Singapore appears to have more than its declared total of 24 Boeing F-15SG Eagle multirole fighters, with recent developments indicating that the small Asian city-state is already operating 32 aircraft, and looks set to bring that total up to 40.
Located strategically at one end of the Straits of Malacca chokepoint where a quarter of the world’s annual maritime trade passes, Singapore plays a vital role in regional security and is a close security and defense partner with the United States
In a notification to Congress by the State Department’s Directorate of Defense Trade Controls indicate dated Nov. 26, 2012, it was revealed that Singapore had ordered eight more F-15SGs to add to the 24 already ordered in two separate batches of 12, in late 2005 and November 2007. These aircraft, ordered under Direct Commercial Sales (DCS) contracts with Boeing, were delivered by late 2011, with the 23rd aircraft from the second batch observed at the Singapore Airshow in February 2012.
At the show, Roger Besancenez, then-vice president of Boeing’s F-15 program, revealed that F-15SG deliveries were to be completed by the 4th quarter of 2012, while Boeing itself announced that eight F-15s were delivered (to an unknown customer) that year.
Singapore’s F-15SGs all carry USAF-style serials based on their Boeing construction numbers (starting from 05-0001 in running order) stencilled onto the port engine intake. The Republic of Singapore Air Force’s F-15SGs based in the United States with the 428th Fighter Squadron at Mountain Home Air Force Base, a joint USAF-RSAF pilot continuation training detachment training Singaporean pilots and Weapon Systems Officers under the Peace Carvin V program have this number repeated on their vertical tails, while USNI (Ed: i.e Me) has observed that F-15SGs based in Singapore with the RSAF’s 149 Squadron carry a 4-digit 83xx tail number which do not run in sequence.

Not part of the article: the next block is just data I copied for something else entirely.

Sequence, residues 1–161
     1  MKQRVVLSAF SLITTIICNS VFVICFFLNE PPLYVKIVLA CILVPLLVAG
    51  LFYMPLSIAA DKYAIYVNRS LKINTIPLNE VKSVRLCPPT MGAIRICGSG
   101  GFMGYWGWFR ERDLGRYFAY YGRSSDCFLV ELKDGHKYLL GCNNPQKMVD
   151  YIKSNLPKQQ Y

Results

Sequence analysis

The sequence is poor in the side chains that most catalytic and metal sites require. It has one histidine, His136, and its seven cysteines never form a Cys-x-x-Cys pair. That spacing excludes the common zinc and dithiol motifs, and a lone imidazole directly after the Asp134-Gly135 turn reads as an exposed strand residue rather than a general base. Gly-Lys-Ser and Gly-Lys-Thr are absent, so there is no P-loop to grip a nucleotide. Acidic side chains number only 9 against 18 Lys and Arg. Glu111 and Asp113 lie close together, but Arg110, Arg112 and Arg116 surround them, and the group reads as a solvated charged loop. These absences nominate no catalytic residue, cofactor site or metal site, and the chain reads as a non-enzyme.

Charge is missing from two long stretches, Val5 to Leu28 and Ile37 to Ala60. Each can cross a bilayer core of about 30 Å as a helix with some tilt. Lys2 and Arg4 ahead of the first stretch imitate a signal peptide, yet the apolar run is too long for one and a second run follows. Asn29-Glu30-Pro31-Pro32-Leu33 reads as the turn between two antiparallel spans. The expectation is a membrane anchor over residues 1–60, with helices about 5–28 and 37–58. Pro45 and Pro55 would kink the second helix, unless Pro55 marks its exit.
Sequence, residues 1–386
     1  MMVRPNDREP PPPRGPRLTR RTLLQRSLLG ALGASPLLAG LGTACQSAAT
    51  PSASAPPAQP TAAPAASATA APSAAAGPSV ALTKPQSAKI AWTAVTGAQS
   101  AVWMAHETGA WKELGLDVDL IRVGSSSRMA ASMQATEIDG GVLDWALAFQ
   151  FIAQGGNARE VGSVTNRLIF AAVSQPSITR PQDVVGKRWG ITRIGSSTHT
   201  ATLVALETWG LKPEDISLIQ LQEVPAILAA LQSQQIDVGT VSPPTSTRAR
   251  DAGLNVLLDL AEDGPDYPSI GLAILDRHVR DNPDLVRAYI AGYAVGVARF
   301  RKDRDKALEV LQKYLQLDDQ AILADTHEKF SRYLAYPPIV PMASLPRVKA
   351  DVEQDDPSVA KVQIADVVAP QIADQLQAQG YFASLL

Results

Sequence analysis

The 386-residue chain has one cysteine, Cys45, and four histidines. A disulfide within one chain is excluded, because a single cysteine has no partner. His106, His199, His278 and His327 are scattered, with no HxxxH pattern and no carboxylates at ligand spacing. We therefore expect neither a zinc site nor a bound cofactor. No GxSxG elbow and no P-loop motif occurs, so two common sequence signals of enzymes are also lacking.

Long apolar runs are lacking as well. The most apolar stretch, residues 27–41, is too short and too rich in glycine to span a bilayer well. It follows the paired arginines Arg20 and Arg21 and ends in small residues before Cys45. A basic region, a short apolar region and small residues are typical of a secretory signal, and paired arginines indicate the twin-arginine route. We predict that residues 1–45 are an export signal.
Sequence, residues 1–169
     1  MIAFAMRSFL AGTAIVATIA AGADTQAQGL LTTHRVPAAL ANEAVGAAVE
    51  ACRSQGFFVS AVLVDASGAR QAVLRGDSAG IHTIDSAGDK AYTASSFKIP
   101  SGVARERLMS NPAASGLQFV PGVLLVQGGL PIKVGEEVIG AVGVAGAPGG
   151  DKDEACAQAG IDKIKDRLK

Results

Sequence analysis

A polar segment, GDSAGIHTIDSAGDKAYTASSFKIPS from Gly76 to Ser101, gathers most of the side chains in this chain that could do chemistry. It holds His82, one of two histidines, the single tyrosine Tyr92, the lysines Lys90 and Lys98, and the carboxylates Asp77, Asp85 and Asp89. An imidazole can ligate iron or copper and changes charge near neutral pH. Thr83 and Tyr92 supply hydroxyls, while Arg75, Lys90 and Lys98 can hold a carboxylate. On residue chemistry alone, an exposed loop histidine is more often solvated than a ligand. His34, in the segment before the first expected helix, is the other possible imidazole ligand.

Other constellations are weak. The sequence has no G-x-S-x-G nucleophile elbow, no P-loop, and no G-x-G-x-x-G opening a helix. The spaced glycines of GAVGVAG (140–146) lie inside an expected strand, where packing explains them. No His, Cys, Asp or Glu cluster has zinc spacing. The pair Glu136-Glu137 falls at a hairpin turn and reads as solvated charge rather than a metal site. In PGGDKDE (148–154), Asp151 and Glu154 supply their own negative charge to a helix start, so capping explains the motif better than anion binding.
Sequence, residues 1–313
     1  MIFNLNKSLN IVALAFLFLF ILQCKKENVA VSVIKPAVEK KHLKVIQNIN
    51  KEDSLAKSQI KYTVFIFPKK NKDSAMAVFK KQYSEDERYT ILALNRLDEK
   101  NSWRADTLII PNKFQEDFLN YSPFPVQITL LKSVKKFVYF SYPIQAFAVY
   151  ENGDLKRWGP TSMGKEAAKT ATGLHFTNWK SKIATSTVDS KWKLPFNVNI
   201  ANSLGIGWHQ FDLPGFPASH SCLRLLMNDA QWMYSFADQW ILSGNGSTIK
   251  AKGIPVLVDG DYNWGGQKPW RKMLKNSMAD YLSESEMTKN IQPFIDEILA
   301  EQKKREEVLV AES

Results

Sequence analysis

In October 2013, photos of aircraft carrying the serials 05-0025, 05-0029 and 05-0030 were published at an exercise at Idaho, while in December that year, F-15SGs 05-0028 and 05-0032 were photographed at Exercise Forging Saber, an integrated live-firing exercise conducted by the Singapore Army and the RSAF in Arizona.
Meanwhile, at least two of Singapore-based aircraft, carrying the RSAF serials 8331 and 8332, have been observed with tape stuck on the intake stencils covering up the construction numbers.
USNI News saw F-15SG 8331 at the recently concluded Exercise Pitch Black in Darwin, Australia and “26” as the last two digits due to the tape having been partially worn off. Together, these appear to confirm that Singapore already has at least 32 F-15SGs in its inventory
In addition, on 5-6 August 2014, Boeing took out eight civil aircraft registrations with the Federal Aviation Administration for what it described as F-15SG aircraft. If these indeed represent an additional batch of F-15SGs acquired by Singapore, it would allow Singapore to form a second squadron of F-15SGs in Singapore, most likely to replace a handful of upgraded Northrop F-5S/T Tiger II interceptors which are due to be retired in the near future.
Notoriously secretive with its military matters, Singapore has remained tight-lipped about the number of F-15s it actually has, other to say that it has sufficient numbers to meet its defense needs. Similarly, Boeing has been coy about discussing numbers regarding its F-15SG program.
The most advanced version of the F-15 in service today (until Saudi Arabia’s F-15SAs are delivered), Singapore’s F-15SGs feature the Raytheon AN/APG-63(v)3 Active Electronically Scanned Radar and is equipped with the AIM-9X Sidewinder and AIM-120C Advanced Medium Range Air-to-Air Missile for air combat, along with GBU-10/12 Paveway II Laser Guided Bombs (LGBs) and GBU-31/38/54 Joint Direct Attack Munitions (JDAMs) in the air-to-ground role. It is also widely-believed Singapore has acquired the AGM-154 Joint Stand-Off Weapon for its F-15SGs.